Group A beta-hemolytic streptococcal (GAS) tonsillitis dominates our sore throat concern, because it can cause acute rheumatic fever and peritonsillar abscess. We have rapid antigen tests for GAS so that we can treat patients with that infection. Continue reading “Sometimes it’s NOT just a sore throat – adolescents and young adults are different”
A 70-year-old woman with peptic ulcer disease comes to the ED with sudden severe abdominal pain. She also has a history of diabetes and hypertension, both well controlled with oral medication. Her vitals at triage show low-grade tachycardia but are otherwise within normal limits. She is peritoneal on exam and an upright chest x-ray reveals free air. While labs are pending, she is made NPO and started on IV fluid resuscitation.
You are the general surgeon called to see the patient, and your history and Continue reading ““Doc, do I really need this operation? What are the TRUE risks?” Improving the conversation around surgical risk using evidence-based medicine”
Paradoxical embolism via patent foramen ovale (PFO) is a rare cause of stroke, but it’s not uncommon to find PFOs in patients without traditional stroke risk factors (about 1 in 4 people in the general population have a PFO). How should patients with no other convincing cause of stroke be counseled, especially if invasive PFO closure is being considered? We talked to Dr. David Thaler, creator of the Risk of Paradoxical Embolism (RoPE) Score, about his research and experience with taking care of patients with cryptogenic stroke.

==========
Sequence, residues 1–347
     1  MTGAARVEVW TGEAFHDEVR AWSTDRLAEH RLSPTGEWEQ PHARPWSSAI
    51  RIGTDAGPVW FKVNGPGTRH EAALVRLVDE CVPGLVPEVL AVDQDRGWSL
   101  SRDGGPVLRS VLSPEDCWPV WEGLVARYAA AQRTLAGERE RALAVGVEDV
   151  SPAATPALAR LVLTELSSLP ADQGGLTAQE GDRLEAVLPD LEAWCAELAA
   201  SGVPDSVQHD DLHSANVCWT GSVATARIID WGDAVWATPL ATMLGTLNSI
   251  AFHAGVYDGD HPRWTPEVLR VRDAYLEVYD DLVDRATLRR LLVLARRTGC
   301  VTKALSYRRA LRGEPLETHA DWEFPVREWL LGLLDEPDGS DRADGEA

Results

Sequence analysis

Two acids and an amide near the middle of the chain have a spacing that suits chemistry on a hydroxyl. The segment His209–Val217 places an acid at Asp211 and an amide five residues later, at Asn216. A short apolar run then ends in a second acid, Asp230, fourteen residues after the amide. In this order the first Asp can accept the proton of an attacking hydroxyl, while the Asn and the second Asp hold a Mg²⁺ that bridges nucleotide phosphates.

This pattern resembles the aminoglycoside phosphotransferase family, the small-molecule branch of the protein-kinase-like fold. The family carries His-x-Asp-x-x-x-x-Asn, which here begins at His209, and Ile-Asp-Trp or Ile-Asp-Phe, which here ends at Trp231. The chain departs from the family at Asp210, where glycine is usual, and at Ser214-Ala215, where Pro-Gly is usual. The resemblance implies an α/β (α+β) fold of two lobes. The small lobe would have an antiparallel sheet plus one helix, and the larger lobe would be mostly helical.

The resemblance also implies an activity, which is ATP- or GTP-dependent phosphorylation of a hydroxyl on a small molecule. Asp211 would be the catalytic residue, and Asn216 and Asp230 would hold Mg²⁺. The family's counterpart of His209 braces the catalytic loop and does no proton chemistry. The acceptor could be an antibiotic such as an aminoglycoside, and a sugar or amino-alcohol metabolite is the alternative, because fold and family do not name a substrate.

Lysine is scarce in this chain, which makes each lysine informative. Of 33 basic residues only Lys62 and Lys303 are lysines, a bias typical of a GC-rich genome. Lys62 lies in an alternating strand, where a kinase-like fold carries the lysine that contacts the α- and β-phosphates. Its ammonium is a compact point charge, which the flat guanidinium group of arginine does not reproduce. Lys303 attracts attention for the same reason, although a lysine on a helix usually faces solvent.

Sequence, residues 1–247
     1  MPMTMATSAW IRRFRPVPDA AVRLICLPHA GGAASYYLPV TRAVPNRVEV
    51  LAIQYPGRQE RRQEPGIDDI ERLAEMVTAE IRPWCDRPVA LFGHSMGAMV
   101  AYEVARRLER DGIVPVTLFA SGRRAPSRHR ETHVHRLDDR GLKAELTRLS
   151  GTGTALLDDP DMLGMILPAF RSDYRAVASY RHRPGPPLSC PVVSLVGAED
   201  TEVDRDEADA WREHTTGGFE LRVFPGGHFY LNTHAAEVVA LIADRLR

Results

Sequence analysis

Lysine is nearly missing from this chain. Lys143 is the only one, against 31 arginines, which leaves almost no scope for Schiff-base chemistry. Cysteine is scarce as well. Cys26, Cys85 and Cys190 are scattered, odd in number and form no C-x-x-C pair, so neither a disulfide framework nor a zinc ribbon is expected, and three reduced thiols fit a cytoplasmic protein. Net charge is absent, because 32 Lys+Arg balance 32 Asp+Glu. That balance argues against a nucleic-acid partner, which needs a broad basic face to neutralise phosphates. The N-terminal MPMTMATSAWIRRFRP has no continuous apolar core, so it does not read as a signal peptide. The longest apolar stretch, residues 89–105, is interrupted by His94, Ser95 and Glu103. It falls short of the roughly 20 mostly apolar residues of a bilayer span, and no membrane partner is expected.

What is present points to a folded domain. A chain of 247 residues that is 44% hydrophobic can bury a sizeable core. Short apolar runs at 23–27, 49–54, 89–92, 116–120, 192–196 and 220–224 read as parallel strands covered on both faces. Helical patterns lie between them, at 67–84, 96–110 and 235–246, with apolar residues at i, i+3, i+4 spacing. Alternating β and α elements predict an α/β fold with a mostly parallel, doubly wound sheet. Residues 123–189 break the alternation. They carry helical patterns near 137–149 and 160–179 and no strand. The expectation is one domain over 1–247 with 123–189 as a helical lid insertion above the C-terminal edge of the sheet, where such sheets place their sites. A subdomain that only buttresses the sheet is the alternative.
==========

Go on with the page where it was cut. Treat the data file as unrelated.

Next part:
Dr. David Thaler
Why did you develop the RoPE Score? Was there a clinical experience that inspired you to create this tool for clinicians?
PFOs have interested and frustrated me for years. They’re so common in the general population, and we find them all the time in stroke patients, old ones and young ones. And paradoxical embolism is definitely a thing—there’s no question that it happens—but because the prevalence is so high in the general population, there’s also no question that a lot of the PFOs that we find are incidental. That’s where this started from in my mind: Continue reading “Deciphering Cryptogenic Stroke with Dr. David Thaler, Creator of the RoPE Score”